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Symantec recants Android malware claims

Symantec has backtracked from assertions last week that 13 Android apps distributed by Google's Android Market were malicious, and now says that the code in question comes from an aggressive ad network that provides revenue to the smartphone programs.

Gregg Keizer | 02 Feb | Read more

End-to-End Encryption: The PCI Security Holy Grail

With groups like Anonymous actively looking to embarrass your company, laptops thefts occurring every second, and the recent poor <a href="http://www.cbsnews.com/8301-501465_162-57365004-501465/judge-americans-can-be-forced-to-decrypt-their-laptops/">US District Court ruling</a> on fifth amendment password protection rights, it is time you actually encrypt your data properly.

Ben Rothke and David Mundhenk | 02 Feb | Read more

What Is Deep Packet Inspection?

It's easy to turn a deaf ear to the controversy surrounding recent copyright protection bills like the <a href="http://www.pcworld.com/businesscenter/article/244011/the_us_stop_online_piracy_act_a_primer.html">Stop Online Piracy Act</a> (SOPA) or the <a href="http://www.pcworld.com/businesscenter/article/242523/group_new_version_of_protect_ip_may_target_legal_sites.html">PROTECT IP Act</a>, which threatened to curtail free speech on the Internet by allowing the U.S. Department of Justice to blacklist and block access to websites suspected of copyright infringement. Most of us don't visit websites suspected of illegally distributing copyrighted material, so blocking us from accessing them seems harmless. But should your <a href="http://www.pcworld.com/article/241591/faq_will_your_isp_protect_your_privacy.html">ISP</a> ever be legally obligated to prevent you from accessing restricted websites, it will have to find a way to monitor your online activity, and that could cause your privacy to be compromised if your ISP employs deep packet inspection tools to keep tabs on you.

Alex Wawro | 02 Feb | Read more

Many pcAnywhere systems still sitting ducks

Despite warnings from security software maker Symantec not to connect its pcAnywhere remote-access software to the Internet, more than 140,000 computers appear to remain configured to allow direct connections from the Internet, thereby putting them at risk.

Robert Lemos | 31 Jan | Read more

Facebook Timeline Privacy Tips: Lockdown Your Profile

Facebook's <a href="http://www.pcworld.com/article/248925/facebook_timeline_looms_what_you_need_to_know.html#tk.hp_pop">Timeline is coming</a>, <a href="http://www.pcworld.com/article/248935/timeline_launch_nears_but_few_users_like_it_survey_finds.html#tk.hp_new">whether you like it or not</a>, to Facebook accounts everywhere - including yours. I've been using Timeline for about a month now, and I'm not sure how I feel about it.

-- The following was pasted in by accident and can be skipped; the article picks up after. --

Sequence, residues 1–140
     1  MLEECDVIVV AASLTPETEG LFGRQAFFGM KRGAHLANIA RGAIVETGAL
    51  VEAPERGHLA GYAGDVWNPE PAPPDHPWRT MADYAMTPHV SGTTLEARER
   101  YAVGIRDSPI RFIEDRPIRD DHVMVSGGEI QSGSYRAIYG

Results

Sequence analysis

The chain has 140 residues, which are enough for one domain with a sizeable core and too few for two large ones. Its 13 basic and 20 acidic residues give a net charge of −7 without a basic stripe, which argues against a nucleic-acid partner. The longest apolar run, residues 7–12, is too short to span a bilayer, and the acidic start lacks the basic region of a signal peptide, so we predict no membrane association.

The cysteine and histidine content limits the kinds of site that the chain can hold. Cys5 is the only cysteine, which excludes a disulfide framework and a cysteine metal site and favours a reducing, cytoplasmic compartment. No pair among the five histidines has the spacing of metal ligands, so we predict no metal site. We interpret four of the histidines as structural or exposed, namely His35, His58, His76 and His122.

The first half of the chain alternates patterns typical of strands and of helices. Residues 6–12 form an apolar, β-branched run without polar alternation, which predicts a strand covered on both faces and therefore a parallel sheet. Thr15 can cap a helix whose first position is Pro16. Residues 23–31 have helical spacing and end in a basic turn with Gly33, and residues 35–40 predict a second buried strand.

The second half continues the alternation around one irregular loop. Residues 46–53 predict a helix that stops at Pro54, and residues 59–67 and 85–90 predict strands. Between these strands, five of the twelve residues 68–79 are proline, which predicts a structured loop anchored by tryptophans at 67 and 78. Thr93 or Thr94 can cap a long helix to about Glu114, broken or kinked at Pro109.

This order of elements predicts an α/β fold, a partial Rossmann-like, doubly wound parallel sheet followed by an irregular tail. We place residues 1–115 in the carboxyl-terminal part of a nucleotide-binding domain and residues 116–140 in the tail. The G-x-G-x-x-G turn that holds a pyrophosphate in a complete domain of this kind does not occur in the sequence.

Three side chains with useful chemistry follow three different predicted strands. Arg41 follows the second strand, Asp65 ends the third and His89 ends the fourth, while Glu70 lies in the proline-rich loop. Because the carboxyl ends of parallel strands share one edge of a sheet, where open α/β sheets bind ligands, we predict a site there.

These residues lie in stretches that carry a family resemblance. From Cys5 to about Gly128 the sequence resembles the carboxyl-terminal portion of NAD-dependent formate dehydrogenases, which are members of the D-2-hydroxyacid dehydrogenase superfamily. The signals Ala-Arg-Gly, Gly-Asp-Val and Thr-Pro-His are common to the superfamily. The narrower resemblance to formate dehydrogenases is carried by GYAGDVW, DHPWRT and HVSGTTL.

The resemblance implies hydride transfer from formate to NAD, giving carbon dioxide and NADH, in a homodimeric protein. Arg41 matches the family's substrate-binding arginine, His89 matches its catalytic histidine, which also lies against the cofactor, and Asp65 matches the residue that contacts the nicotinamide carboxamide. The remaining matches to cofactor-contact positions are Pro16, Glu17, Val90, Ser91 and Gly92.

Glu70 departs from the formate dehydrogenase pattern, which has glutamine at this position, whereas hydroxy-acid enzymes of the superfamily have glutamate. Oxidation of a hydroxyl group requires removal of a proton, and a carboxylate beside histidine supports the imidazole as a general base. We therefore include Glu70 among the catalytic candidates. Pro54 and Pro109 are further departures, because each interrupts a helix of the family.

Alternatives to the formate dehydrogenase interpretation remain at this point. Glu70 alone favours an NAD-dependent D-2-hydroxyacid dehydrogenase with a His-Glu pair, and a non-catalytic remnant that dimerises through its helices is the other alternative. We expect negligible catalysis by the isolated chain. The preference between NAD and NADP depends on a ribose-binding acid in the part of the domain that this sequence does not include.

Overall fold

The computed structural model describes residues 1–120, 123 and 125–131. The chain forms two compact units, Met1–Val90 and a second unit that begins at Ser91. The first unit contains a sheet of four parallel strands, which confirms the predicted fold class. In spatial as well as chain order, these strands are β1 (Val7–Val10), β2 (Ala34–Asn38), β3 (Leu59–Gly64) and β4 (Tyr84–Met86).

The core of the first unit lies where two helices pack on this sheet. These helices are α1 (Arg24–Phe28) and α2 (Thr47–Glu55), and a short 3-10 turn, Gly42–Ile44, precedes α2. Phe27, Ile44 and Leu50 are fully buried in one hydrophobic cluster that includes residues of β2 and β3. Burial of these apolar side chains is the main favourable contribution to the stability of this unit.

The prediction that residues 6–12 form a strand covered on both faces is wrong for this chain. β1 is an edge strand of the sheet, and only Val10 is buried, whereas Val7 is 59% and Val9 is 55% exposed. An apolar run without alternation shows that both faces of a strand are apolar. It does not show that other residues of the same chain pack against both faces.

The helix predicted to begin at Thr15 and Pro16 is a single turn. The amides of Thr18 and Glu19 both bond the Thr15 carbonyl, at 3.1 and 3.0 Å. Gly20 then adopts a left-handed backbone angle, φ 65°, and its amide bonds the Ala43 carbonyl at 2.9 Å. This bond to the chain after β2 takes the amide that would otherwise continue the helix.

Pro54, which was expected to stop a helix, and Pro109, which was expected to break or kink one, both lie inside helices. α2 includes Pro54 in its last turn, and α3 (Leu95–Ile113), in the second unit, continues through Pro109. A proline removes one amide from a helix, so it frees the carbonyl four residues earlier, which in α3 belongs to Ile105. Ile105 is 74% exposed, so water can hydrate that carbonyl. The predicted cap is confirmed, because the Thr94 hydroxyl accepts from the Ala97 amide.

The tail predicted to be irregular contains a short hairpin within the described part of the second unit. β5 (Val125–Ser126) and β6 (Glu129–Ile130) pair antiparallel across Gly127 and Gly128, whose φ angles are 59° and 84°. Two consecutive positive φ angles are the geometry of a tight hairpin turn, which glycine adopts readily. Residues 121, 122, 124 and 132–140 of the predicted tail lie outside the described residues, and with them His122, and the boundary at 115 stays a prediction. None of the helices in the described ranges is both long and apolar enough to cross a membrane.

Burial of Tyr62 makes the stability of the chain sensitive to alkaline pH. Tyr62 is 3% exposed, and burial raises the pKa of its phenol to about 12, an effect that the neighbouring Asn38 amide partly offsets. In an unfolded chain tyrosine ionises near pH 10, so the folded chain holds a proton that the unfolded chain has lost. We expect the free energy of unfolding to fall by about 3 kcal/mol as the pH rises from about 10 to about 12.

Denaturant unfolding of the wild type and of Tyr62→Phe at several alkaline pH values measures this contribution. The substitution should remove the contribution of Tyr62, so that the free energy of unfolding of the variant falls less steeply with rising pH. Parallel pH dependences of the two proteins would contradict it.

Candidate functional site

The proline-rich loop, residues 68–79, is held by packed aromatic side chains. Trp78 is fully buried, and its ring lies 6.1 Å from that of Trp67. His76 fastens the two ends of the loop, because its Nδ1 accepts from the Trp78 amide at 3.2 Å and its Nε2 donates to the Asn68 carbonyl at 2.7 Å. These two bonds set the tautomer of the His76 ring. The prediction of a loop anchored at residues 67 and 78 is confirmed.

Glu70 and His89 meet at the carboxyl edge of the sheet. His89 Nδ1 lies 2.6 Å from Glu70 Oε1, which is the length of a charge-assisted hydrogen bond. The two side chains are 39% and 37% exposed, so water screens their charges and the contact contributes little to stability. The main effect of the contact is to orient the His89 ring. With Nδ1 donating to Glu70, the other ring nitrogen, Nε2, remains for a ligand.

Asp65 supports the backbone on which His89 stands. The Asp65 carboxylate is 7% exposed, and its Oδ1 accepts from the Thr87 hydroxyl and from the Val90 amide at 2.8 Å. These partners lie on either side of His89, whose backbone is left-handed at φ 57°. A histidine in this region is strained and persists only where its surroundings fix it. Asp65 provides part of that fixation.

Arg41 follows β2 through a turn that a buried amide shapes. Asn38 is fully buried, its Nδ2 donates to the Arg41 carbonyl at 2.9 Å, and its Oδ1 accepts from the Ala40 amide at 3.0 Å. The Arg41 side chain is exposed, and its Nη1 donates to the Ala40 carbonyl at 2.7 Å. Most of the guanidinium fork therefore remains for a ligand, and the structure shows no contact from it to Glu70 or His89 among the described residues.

Sarah Jacobsson Purewal | 01 Feb | Read more

The week in security: Companies pressured to act on breaches

News of new security breaches continued to roll in throughout the week, with the Australian Securities and Investments Commission (ASIC) kicking off the week with a warning that users of online stockbroking services should review their security, change their passwords, and ensure all software was current. Seems someone has been poking their heads where they shouldn't be, and ASIC is eager to prevent any more unwanted intrusions.

David Braue | 30 Jan | Read more

Symantec: disable pcAnywhere until fully patched

Symantec on Tuesday took the dramatic step of advising customers of its secure communications product pcAnywhere to disable it, confirming that a 2006 data breach in which hackers stole its source code had led to a heightened risk of a successful attack.

Liam Tung | 27 Jan | Read more

The week in security: A bitter bar of SOPA

While much of the online world followed Wikipedia’s unprecedented SOPA legislation protest, security concerns provided a more definitive solution as the Obama administration promised to veto SOPA on the basis that it would push people to “dangerous, unreliable DNS servers” and compromise secure improvements like DNSSEC.

David Braue | 20 Jan | Read more

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